PAPER CUTS: Invasion From Cyberspace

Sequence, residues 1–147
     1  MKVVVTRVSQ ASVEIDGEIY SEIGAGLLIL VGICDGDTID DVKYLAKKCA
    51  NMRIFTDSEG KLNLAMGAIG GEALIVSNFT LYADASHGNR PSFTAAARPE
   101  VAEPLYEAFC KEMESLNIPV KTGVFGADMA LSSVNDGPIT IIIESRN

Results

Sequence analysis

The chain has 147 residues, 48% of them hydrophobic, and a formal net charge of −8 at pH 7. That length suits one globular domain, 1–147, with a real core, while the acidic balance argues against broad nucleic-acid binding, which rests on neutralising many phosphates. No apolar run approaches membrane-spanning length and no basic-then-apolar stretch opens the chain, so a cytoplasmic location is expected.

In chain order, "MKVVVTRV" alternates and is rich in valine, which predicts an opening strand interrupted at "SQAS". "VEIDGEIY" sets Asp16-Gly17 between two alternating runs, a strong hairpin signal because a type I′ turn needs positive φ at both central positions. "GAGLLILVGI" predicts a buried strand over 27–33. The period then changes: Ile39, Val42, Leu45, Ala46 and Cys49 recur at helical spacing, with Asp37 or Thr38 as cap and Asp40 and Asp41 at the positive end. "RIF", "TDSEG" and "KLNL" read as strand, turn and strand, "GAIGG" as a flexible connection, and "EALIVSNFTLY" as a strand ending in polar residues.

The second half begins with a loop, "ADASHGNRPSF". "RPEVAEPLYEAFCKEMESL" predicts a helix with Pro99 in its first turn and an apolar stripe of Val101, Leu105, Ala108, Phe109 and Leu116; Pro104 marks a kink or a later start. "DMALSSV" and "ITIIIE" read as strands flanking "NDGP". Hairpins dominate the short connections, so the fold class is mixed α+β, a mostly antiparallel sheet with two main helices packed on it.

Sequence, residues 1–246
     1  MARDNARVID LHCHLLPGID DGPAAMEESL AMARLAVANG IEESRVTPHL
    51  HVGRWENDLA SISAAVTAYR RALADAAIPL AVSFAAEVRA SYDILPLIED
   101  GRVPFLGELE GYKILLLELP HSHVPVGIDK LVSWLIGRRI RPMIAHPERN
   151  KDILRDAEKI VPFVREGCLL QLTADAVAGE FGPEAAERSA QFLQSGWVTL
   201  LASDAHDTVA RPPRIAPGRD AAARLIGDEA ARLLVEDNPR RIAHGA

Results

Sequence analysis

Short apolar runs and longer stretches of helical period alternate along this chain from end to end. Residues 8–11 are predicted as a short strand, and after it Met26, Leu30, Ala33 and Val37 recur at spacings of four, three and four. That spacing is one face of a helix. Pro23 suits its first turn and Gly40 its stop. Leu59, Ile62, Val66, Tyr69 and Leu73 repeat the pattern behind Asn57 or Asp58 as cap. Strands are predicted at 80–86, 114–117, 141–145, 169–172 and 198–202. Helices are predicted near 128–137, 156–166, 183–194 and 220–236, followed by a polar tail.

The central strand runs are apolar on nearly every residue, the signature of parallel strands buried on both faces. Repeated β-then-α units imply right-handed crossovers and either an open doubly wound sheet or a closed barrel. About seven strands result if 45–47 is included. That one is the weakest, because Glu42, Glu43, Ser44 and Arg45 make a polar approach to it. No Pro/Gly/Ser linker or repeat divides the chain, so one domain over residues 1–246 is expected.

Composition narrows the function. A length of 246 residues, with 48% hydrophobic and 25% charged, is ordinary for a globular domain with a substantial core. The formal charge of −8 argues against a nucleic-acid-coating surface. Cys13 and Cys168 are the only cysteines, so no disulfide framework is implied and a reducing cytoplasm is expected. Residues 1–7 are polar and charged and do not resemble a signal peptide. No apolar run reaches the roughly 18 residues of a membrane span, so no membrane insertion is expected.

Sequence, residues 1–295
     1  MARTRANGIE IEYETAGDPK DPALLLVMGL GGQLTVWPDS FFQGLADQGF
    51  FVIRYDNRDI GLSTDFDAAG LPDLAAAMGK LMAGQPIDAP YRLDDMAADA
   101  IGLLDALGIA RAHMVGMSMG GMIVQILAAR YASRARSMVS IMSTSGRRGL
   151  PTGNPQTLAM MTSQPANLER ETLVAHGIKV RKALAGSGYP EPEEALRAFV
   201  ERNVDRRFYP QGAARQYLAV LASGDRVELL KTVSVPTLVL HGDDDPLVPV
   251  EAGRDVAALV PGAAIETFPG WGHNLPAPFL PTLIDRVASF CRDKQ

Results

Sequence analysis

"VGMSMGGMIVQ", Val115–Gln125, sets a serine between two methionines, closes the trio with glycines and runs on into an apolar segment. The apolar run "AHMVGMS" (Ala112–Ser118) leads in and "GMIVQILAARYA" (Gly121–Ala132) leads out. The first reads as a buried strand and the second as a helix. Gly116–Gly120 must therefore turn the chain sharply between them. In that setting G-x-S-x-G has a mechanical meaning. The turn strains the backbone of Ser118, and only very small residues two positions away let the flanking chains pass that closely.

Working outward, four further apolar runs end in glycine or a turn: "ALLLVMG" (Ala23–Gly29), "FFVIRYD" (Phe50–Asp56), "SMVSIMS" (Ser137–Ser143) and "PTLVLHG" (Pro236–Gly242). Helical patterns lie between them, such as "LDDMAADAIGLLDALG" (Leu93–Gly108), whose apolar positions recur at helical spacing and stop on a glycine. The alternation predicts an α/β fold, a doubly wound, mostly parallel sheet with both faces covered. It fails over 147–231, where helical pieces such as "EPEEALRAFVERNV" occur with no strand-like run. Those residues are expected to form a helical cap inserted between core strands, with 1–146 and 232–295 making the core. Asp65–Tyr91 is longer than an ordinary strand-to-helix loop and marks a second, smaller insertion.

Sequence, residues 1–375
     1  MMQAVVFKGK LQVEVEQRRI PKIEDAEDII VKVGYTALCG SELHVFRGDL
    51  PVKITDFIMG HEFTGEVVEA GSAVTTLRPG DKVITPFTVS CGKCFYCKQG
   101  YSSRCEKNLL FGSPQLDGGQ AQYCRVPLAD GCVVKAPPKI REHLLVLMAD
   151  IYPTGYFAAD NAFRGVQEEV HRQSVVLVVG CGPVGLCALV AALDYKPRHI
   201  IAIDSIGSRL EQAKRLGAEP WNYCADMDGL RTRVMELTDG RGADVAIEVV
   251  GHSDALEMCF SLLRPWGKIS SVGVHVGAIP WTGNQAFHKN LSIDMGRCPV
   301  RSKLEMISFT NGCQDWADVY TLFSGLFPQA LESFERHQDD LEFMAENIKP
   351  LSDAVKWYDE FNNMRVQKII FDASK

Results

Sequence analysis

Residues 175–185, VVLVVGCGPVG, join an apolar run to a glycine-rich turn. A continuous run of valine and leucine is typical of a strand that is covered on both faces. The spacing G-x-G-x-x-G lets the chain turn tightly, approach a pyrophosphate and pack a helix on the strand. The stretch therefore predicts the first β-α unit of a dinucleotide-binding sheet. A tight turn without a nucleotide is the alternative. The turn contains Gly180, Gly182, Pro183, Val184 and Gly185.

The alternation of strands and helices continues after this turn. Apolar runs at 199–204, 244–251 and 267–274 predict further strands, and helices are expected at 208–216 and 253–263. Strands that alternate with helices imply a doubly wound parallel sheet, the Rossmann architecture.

The rhythm of life is periodically punctured by annoyances that range from the petty to the cerebral blood vessel bursting. Voice mail. Call waiting. Public restrooms with unlockable stalls. Auto mechanics who can't seem to diagnose the problem until your car drops dead on the interstate. Doctors who keep you waiting for hours in a paper dress, but can't spare you more than 60 seconds of their valuable time. But all of these pale beside the diabolical intrusiveness of modern communication.I am not, by nature, a curmudgeon. I tend to approach all messages from the outside world with an anticipation more appropriate to Christmas morning. Every ring of the telephone and "You've got Mail" icon is an adventure into the exciting unknown. I even misread those "You May Have Already Won" sweepstakes announcements as if they said "You Are Actually Going To Win" a zillion dollars. But like everyone else with a permanent address, the bulk of what I receive is pre-garbage.Fliers labelled "Occupant", that have no relationship whatsoever to anyone who ever lived here. Brochures from stores at which I have never shopped, nor have any plans to visit in the forseeable future. Simulated checks, cunningly wrought, that turn out to be come-ons for car dealer clearances. Entire forests denuded in the service of mix-and-match polyester outfits no one in their right mind would wear in this lifetime or the next. Pre-approved credit cards with my name ever so slightly misspelled. Items marked "Return To Sender If Undeliverable", that neverthless always seem to find their way to me. No matter how carefully I dispose of these materials, they return, uninvited, back to my mailbox, forcing me to become a conduit in the endless recycling of paper.Even more irritating, a preponderance of the telephone calls I receive seem to be placed totally at random. Ear splitting faxes, at astounding times of the night, which could only be considered reasonable working hours in Ouagadougou. Insurance adjustors just getting around to calling doctors who retired sometime in the past century, pet owners trying to reach the Little Wanderers dog motel, indefatigable salesmen for redi-to-microwave meal plans and vacuum cleaners on the lifelong installment plan, and representatives of various long-distance carriers offering incentives ranging from free minutes on February 29 to pints of Ben and Jerry's Bovinity Divinity. All of whom demand my immediate attention when I am walking the dogs, in the bathtub, or covered with a five-minute mini-facelift masque, and never when I am actually standing next to the phone. None of whom are willing to give me their own home phone numbers, so I can return their calls at an equally inconvenient time.A fair number of these intrusions are deliberate. Many magazines and catalogue companies sell their mailing lists to advertisers, who use them to target prospective customers. I figured this out when I cancelled my subscription to "People Magazine", and started getting "The New York Review of Books". The quality of my garbage improved dramatically. The introductory offers for psychic buddies, fat burning chocolate bars, and buttmasters, were replaced by great deals on Prada knockoffs and pashmina shawls.Over decades of such assaults on my sanity, I have learned to accept this as the price one pays for being accessible. For all I know, the pony express riders distributed ads from snake oil salesmen and used horse dealers. Simply another page in the litany of modern horrors, right up there with the lines at the Motor Vehicle Bureau, customer subsidized nuclear power plants, and fluorochlorocarbonated drinking water.What is more difficult to shrug off is the newest intrusion, the invasion of unwanted e-mail. Spam, and I don't mean the scourge of the schoolroom cafeteria, is the heavy breather of the internet generation. Spam bears as much ressemblance to legitimate correspondence as Tang does to fresh orange juice. What's more, unlike junk that is mailed, you pay the freight through monthly fees for internet service. The cost to the senders is infinitesimal, and you will run out of patience long before they run out of money.Just because you're sitting in your underwear eating Cap'n Crunch while you browse the web, doesn't mean you are assured of privacy. Using the internet can be as revealing as exposing yourself on Main Street at high noon.Be aware that discussion groups, bulletin boards, and chat rooms are also public address books. Whether you post your message on a local internet provider or a major net service, your attached e-mail address can be disseminated worldwide, and be available to anyone anywhere. You may become a link in an endless global chain of enticements for cheesy collectibles from the Franklin Mint, "How to Earn Big $$$" without leaving the Laz-Y-Boy, and requests for handouts by everyone from Sally Struthers to the Reverend Al Sharpton.And keep in mind that offers that seem too good to be true generally aren't. Free trips to Disneyland, or handouts straight from Bill Gates' wallet, are not legitimate mailings, but probes from spammers, trolling to confirm the e-mail addresses of the incredibly gullible. Watch out for web pages that say "Put your address here if you want to be on a 'Do Not Mail' list". These lists are often sold to the very advertisers you want to avoid.Private messages which end up being forwarded to large groups, are potential sources of Spam. Do yourself and your friends a favor, and surpress your recipient list before mailing. Simply click on Bcc (Blind Carbon Copy) under View in your browser, to hide your address book before sending out messages.The most-common way of making yourself accessible to Spam is through web pages. Just like O.J.Simpson, we leave our footprints almost everywhere we go. Sign onto any webpage, especially a page that is listed in a search engine or directory, and you are offering yourself to advertisers. Scanning software utilized by spammers can query a search engine for any page on the net that has, for example, the word "dogfood" on it. Within minutes, they have collected the addresses of a gigantic target population of dog owners. Or people who eat dogfood.On many web sites, you don't even need to identify yourself to be victimized. Just logging on is enough to trigger an automatic profiler that charts your preferences and subjects you to an unstoppable barrage of e-mail messages. Remember those sci-fi movies from the 50's, in which aliens were probing humans for information? Now it's being done for real, and the probes are called "Cookies".Cookies are small files, no more than 255 characters, that web servers can create on a user's computer, to save information between visits. Here's how they work: A script in the HTML file tells the browser to create a cookie with certain parameters.The browser writes the file to the hard drive. When the user visits the same site, another script can ask the browser to check for a specific cookie, and read the parameters associated with it. Any webpage can save or read a cookie on the user's computer. Cookies can contain any type of information, such as passwords, user names, and website visit information.The first rule of protection is just what your Mother always told you. Do not accept Cookies from strangers. To protect yourself, take a trip into the inner recesses of your browser. In the Preferences section of both Internet Explorer and Netscape, under Security Preferences, you will be able to disable cookies, or to request a prompt each time a cookie is offered. Most browsers also allow you to view, within the Directory files, cookies you may have eaten unintentionally. Spit them back out.Never respond to unwanted messages. You are simply confirming your address to the sender. Instead, the next time you get an offer for XXX rated videos, go into the Options section of your mail program, and ask for All or Expanded Headers. This will allow you to trace the route of the mail backwards, from your Internet Service Provider, through their gateway, back to the sender's server.Spam is as much of a problem for Internet Service Providers as it is for customers. Notify the abuse department of the server from which the junkmail was sent. Most servers have policies restricting the mailing of bulk e-mail, and many have filters in place to prevent the relay of third party e-mail, mail which neither originates from nor is received by their accounts. Abuse @originating domain can stop Spam dead in its tracks.E-mail your complaints about unwanted mail to abuse@ your own internet service provider, or speak directly to the abuse department and find out what filters they have in place to screen out Spam. Filters can be customized to screen for bulk mailings, bogus or forged sources, and known blacklisted spammers, without invading the content of your messages.With the hours you save each day, by eliminating the downloading and deleting of garbage, you'll have time to take up a hobby. I'm learning to polka and play the accordion.